Cisco, video, digital hardware… and Adobe?

When Redmonk’s James Governor opined that Cisco might make a play for Adobe Systems, bells went off in my head. It suddenly made a lot of sense and made me realize I should really be paying more attention to Cisco.

From James:

Cisco competing with Apple? Who would have thunk it? To really make its ambitions count I believe Cisco will make a play for Adobe, filling out a video internet value chain from low to high production to the web.

Adobe is arguably the predominant enabler of web video, with much of the web firmly invested in Flash and all of it’s platform components & accessories. Cisco knows how to make hardware and has not been at all shy about their goals in the consumer digital market, pursuing rich internet-enabled media on set top boxes and in TVs. Recall not too long ago the legal battle with Apple over the term “iPhone”. And at CES in January Cisco is expected to introduce a new line of consumer media products.

Cisco Systems, the dominant provider of the digital pipes that run the Internet, is making a big play in digital entertainment. At the Consumer Electronics Show in January in Las Vegas, it plans to introduce a new line of products, including a digital stereo system that is meant to move music wirelessly around a house.

That is the first small move in a long-term strategy to take on Apple, Sony and the other giants of consumer electronics. Cisco is working on other gadgets that will let people watch Internet video on their televisions more easily. And its biggest bet is that people will want to use a version of its corporate videoconferencing system called Telepresence to chat with their friends over their high-definition televisions.

While this article notes the looming battle with Apple & Sony it should be considered that the set-top and video market is clearly of interest to Adobe, as well as the obvious similarities between Telepresence & Adobe Connect for video conferencing solutions. Cisco & Adobe are both invested in the Open Screen project but the relationship between the two will surely get closer whether or not some sort of acquisition is in play.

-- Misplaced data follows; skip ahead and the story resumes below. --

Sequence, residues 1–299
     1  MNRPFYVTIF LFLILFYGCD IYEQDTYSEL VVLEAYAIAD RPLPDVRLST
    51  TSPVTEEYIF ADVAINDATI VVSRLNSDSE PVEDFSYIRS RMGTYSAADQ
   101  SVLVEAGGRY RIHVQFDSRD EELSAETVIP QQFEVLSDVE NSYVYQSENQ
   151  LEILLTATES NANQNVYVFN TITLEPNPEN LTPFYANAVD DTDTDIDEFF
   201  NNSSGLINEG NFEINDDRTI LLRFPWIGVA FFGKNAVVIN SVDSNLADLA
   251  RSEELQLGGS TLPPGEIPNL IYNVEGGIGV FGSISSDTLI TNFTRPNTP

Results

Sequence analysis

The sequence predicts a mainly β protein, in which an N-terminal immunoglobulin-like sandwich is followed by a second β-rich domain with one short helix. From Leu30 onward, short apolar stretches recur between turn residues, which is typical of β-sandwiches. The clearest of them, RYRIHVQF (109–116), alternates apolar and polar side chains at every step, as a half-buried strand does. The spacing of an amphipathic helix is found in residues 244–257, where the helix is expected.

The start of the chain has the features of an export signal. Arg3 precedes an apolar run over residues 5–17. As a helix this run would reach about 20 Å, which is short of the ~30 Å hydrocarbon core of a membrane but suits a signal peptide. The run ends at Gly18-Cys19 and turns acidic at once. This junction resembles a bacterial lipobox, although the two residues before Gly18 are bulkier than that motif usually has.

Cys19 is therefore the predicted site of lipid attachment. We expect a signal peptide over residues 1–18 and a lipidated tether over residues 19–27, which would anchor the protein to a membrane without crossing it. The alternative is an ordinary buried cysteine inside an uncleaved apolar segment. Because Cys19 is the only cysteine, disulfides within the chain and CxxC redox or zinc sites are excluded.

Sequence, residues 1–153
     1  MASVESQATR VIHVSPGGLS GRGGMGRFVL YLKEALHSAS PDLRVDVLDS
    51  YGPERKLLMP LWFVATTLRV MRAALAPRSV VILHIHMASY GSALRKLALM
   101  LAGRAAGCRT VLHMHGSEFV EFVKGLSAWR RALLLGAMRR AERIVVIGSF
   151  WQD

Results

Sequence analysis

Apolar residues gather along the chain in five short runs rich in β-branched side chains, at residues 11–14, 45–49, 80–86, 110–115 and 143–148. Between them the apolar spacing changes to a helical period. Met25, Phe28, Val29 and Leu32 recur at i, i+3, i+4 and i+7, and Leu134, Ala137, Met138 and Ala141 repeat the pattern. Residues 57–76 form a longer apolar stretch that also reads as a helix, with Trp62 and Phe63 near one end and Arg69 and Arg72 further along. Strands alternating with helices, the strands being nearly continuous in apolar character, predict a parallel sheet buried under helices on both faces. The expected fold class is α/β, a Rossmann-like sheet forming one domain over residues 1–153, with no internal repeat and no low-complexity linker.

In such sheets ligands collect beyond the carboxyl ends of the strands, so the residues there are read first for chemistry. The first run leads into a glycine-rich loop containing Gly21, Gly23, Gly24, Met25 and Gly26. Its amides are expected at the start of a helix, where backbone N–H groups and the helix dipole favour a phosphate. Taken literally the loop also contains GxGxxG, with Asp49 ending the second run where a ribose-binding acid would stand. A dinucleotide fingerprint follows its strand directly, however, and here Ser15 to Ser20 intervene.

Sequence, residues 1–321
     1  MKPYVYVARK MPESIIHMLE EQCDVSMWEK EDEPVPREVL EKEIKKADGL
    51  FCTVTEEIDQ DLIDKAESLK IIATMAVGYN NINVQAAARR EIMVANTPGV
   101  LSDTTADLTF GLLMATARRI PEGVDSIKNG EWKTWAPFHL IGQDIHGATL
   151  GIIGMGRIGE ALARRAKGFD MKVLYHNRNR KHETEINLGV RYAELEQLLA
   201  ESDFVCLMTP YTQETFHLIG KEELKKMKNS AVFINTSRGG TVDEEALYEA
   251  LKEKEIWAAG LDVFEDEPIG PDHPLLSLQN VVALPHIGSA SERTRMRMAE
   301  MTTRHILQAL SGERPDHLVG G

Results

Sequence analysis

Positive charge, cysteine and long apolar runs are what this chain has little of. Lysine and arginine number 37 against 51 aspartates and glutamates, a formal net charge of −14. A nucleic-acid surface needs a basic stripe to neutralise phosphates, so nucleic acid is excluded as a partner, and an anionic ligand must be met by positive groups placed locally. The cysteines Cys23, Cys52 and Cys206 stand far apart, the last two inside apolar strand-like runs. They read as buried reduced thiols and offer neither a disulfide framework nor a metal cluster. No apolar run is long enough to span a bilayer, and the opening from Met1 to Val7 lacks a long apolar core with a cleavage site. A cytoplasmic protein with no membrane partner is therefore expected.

The strategy for Cisco, of course, is to encourage more high-bandwidth content running through all those Cisco routers that will need to be upgraded to keep up with the throughput. There’s no greater bandwidth hog than video and its just exploding with the boom in cheap consumer video hardware and turnkey hobbyist solutions. Adobe would be wise to pursue the authoring side of this hobbyist video boom, and focus on an aggressively marketed, cross-platform Premiere Express solution, as well as developing an ecology for video capture and publish from mobile devices. Meanwhile, their set-top Flash initiative will continue to intrigue Cisco and if the two are not already talking to make sure Cisco is using Flash everywhere possible, then somebody at Adobe needs to get busy and make it happen.

It remains to be seen whether Cisco might make an acquisition play or Adobe but it seems likely that the future of the two companies will be tightly coupled.

Post a comment

You may use the following HTML:
<a href="" title=""> <abbr title=""> <acronym title=""> <b> <blockquote cite=""> <cite> <code> <del datetime=""> <em> <i> <q cite=""> <strike> <strong>